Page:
Processing – any operation or set of operations which is performed on Personal Data or on sets of Personal Data, whether or not by automated means, such as collection, recording, organisation, structuring, storage, adaptation or alteration, retrieval, consultation, use, disclosure by transmission, dissemination or otherwise making available, alignment or combination, restriction, erasure or destruction.

Profiling – is any form of automated Processing of Personal Data intended to evaluate certain personal aspects relating to a natural person, or to analyse or predict that person’s performance at work, economic situation, health, personal preferences, interests, reliability, behaviour, location or movements. This definition is linked to the right of the Data Subject to object to Profiling and a right to be informed about the existence of Profiling, of measures based on Profiling and the envisaged effects of Profiling on the individual.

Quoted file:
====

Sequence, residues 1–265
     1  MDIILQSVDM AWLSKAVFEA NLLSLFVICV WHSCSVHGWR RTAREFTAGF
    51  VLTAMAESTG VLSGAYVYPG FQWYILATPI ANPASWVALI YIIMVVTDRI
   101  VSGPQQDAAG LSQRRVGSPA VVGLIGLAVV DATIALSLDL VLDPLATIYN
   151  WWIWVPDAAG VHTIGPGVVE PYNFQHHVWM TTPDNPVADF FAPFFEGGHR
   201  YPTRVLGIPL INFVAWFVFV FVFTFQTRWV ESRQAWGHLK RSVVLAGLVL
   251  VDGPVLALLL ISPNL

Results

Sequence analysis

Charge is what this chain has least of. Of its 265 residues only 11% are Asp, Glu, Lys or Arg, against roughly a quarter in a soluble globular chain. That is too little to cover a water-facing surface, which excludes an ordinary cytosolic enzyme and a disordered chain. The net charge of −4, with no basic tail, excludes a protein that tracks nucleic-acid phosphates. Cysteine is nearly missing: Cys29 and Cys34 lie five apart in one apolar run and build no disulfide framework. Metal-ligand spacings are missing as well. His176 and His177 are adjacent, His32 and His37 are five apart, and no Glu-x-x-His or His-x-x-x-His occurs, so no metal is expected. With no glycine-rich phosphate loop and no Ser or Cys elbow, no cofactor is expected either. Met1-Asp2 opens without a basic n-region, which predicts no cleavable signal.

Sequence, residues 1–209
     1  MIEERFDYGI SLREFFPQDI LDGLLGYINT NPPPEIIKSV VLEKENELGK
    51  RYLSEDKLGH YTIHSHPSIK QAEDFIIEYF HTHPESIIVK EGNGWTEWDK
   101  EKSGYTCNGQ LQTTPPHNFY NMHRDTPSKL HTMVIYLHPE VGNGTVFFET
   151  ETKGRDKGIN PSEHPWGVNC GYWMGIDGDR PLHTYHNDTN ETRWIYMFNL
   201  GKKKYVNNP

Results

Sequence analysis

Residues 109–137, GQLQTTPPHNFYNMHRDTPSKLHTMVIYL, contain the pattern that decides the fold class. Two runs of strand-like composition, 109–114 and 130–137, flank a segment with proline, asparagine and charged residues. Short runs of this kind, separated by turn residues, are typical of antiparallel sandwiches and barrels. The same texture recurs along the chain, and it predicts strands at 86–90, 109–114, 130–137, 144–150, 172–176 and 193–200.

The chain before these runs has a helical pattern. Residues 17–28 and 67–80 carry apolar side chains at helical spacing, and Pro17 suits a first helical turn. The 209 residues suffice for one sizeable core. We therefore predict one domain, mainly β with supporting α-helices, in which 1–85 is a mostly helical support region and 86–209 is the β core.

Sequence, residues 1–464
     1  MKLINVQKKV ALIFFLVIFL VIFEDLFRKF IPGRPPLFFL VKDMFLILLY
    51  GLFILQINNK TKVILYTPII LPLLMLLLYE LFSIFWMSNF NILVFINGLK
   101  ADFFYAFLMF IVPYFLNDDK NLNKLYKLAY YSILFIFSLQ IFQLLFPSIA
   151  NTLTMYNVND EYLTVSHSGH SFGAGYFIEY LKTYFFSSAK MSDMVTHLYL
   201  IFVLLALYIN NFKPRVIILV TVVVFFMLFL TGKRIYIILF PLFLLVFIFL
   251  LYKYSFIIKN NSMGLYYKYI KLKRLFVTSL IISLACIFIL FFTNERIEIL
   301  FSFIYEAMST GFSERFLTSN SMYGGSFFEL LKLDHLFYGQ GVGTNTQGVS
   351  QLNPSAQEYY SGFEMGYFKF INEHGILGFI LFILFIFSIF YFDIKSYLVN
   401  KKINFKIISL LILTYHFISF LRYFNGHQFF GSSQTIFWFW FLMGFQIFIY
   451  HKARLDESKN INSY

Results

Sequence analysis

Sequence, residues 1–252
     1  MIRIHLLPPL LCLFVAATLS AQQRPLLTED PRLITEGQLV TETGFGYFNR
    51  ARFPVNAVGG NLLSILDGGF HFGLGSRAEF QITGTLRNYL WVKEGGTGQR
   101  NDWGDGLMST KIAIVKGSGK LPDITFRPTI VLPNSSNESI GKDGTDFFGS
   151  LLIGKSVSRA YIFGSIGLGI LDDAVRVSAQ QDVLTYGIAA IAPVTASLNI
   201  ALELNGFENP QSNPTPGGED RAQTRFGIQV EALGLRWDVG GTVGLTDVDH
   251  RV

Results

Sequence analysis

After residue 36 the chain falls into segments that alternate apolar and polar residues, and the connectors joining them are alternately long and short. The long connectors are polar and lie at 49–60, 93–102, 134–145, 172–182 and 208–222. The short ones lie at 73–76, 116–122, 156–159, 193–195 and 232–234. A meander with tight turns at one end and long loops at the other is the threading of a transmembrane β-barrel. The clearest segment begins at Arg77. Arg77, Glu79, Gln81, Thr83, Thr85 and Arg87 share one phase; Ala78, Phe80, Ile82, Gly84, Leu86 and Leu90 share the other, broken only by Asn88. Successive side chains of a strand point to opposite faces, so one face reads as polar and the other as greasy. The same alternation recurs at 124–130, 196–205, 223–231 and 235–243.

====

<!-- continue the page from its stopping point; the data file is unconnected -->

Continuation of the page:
Special Categories of Personal Data – Personal Data revealing racial or ethnic origin, political opinions, religious or philosophical beliefs, or trade-union membership, and the Processing of genetic data, biometric data for the purpose of uniquely identifying a natural person, data concerning health or data concerning a natural person's sex life or sexual orientation.

Supervisory Authority – means an independent public authority which is established by a Member State pursuant to the GDPR. In the UK the Supervisory Authority is the Information Commissioner’s Office (ICO).

Third Party – a natural or legal person, public authority, agency or body other than the Data Subject, Data Controller, Data Processor and persons who, under the direct authority of the Data Controller or Data Processor, are authorised to process Personal Data.

APPENDIX 2: DETAILS OF SPECIFIED SAFEGUARDS OR EXCEPTIONS

An adequacy decision